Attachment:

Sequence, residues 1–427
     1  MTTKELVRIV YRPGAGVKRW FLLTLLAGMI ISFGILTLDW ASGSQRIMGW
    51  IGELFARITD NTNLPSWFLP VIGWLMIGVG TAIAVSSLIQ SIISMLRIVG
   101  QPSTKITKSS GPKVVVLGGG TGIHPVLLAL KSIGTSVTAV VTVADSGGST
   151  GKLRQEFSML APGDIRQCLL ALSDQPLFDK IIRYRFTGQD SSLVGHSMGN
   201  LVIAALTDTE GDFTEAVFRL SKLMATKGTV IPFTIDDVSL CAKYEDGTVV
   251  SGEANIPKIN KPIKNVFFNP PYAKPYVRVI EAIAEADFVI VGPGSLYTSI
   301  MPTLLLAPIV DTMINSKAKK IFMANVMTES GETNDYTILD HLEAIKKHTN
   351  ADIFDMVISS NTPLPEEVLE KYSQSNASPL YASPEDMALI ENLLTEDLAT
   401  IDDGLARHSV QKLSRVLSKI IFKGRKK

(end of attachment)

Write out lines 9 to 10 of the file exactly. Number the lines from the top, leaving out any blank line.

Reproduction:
   351  ADIFDMVISS NTPLPEEVLE KYSQSNASPL YASPEDMALI ENLLTEDLAT
   401  IDDGLARHSV QKLSRVLSKI IFKGRKK